While director Jennifer Kroot and co-director/editor Bill Webber do a fine job of showcasing what makes actor, writer, and human rights activist George Takei such a fascinating and important historical figure when it comes to Asian and gay actors, the movie they made around him is a maddeningly disjointed mess. The documentary To Be Takei has a lot to cover in a short period of time, but Kroot can’t seem to bring it all together or figure out how she wants to tell the story of a man who literally changed everything about how Hollywood sees homosexuality, Asian Americans, and the power of the internet.
Kroot follows Takei and his husband/manager Brad Altman around through their domestic and professional lives while talking about George’s childhood spent in U.S. internment camps for Japanese citizens during World War II (the subject of his latest musical, also a large part of the film), his struggles with staying in the closet, his time spent in politics, his resurgence to become a modern day internet and TV celebrity, and, of course, a little bit here and there about Star Trek. There are talking head interviews with some of the people who worked with him closest, and the film follows George around as he goes about his day to day business.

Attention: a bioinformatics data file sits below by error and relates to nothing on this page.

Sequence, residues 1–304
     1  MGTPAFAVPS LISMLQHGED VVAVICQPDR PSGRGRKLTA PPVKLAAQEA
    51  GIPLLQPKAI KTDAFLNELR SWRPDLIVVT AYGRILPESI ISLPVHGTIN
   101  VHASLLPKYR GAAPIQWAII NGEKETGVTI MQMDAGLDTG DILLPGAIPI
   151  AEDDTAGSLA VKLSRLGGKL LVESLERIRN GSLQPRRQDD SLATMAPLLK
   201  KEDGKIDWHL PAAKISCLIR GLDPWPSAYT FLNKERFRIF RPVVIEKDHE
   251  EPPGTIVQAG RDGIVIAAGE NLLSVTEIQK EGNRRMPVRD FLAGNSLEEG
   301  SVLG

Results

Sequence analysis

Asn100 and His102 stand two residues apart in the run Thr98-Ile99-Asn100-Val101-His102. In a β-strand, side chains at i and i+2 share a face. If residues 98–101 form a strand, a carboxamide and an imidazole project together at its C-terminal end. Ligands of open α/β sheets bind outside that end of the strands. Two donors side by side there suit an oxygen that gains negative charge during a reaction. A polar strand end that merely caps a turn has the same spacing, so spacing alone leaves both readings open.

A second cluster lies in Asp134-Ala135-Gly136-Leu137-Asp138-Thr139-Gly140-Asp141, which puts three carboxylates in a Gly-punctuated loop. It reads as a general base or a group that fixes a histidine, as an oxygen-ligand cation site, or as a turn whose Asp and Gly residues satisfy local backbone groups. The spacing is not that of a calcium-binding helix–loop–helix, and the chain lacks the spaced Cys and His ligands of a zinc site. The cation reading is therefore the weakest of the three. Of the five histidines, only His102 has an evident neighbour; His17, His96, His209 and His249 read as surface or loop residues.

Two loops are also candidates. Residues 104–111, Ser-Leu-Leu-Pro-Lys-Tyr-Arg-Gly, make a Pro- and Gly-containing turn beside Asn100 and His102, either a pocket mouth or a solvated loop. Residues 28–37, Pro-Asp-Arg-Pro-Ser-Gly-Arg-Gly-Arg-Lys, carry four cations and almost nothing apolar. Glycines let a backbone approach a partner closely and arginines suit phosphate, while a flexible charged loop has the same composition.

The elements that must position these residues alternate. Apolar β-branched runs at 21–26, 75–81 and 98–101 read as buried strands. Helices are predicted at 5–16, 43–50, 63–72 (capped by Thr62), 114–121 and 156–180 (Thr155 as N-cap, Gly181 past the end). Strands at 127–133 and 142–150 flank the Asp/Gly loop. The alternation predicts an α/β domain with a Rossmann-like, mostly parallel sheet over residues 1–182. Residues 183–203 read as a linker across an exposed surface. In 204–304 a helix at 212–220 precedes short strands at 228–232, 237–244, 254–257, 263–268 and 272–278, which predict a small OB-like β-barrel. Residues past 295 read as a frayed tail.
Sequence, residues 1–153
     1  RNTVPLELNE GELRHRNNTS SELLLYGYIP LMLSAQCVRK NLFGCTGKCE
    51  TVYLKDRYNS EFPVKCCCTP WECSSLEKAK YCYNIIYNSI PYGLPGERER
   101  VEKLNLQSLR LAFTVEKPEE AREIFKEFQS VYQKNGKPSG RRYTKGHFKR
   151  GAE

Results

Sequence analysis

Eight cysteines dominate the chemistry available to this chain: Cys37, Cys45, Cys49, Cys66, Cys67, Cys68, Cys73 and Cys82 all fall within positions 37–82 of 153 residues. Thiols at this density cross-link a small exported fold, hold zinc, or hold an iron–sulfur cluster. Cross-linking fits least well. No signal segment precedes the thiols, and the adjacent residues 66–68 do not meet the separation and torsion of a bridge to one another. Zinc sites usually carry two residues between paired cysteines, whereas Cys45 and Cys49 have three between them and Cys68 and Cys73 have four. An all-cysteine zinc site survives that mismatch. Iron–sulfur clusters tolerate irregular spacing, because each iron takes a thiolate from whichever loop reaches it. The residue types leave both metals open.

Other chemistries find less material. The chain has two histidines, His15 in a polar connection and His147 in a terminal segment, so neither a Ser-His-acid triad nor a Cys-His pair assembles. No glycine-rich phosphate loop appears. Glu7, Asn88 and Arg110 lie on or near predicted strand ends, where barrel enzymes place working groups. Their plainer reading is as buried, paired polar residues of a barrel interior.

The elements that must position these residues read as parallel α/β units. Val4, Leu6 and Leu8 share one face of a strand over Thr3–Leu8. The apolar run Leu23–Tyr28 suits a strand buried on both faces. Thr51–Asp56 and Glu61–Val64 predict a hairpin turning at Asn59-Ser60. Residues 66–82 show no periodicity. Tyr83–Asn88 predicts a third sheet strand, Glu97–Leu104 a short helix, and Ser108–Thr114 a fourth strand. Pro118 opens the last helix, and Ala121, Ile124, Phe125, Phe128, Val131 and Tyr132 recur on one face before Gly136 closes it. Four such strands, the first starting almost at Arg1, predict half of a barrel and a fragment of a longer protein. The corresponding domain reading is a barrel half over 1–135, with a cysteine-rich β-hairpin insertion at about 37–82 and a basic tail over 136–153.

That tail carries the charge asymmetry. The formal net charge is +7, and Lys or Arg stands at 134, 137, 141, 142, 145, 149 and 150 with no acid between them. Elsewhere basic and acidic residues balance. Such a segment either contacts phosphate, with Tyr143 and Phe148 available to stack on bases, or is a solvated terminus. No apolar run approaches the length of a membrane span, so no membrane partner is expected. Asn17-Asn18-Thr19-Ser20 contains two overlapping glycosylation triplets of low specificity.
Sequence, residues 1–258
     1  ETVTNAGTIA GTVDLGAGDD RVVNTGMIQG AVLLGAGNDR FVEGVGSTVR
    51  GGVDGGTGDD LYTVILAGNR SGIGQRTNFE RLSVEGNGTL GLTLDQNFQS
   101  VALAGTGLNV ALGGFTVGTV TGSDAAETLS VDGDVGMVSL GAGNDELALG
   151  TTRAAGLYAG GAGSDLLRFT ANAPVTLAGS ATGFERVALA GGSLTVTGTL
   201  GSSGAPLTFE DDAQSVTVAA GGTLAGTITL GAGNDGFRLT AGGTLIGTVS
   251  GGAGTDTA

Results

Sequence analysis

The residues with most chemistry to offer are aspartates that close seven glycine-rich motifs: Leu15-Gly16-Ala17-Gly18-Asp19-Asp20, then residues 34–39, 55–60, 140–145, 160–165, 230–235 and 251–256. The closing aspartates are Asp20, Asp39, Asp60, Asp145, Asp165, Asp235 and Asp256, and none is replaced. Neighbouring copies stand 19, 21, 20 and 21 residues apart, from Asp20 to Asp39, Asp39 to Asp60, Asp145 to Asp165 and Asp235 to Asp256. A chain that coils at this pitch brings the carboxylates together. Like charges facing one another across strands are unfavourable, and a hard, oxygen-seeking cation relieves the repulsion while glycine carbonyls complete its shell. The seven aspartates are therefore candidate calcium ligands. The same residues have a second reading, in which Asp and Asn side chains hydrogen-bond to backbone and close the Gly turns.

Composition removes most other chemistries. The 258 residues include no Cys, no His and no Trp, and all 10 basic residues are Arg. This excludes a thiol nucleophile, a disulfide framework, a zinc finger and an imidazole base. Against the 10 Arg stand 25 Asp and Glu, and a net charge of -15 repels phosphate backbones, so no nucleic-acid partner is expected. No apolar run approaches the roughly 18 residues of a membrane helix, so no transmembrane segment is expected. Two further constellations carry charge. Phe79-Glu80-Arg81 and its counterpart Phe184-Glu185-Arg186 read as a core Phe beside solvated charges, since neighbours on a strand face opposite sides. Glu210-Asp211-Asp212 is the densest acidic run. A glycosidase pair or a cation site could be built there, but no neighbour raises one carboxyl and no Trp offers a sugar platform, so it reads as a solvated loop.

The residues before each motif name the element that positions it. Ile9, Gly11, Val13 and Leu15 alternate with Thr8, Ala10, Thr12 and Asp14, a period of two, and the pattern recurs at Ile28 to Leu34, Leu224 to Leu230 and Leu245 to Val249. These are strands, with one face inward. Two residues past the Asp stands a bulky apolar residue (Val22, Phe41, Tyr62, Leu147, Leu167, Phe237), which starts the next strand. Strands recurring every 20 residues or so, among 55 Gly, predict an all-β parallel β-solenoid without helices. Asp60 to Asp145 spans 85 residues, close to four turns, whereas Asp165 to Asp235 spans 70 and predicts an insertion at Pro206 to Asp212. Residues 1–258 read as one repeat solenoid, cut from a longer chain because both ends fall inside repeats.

Everyone has nice things to say about George, and it’s hard not to. He’s someone everyone should aspire to be in life: outspoken, strong, thoughtful, courageous, and self-effacing without a hint of underlying ego. Watching his history outlined can be fascinating, especially tales of his childhood and the racism he had to endure. But Kroot decides upon a time shifting narrative that starts and stops every twenty minutes or so to go in a completely different direction without any clue how to transition between different aspects of George’s life. There’s a disconnect between the man George was, the man he is now, and how the film approaches his current status as an icon for many people. He’s a man who means a lot of things to a lot of people, for sure, but Kroot never finds the unifying threads that make George who he is. It feels slapped together.
The elements of a good biopic are all here (rises, falls, rivalries, loves, pet-peeves, mixed feelings), and George and Brad are fascinating subjects (especially Brad, who balances his love of George with a hard, business-like edge),giving the film most of its entertainment value and heart, but that isn’t enough. It’s a frustrating sit, that’s hard to get invested in despite the magnetism of its subject. For die hard Takei fans only.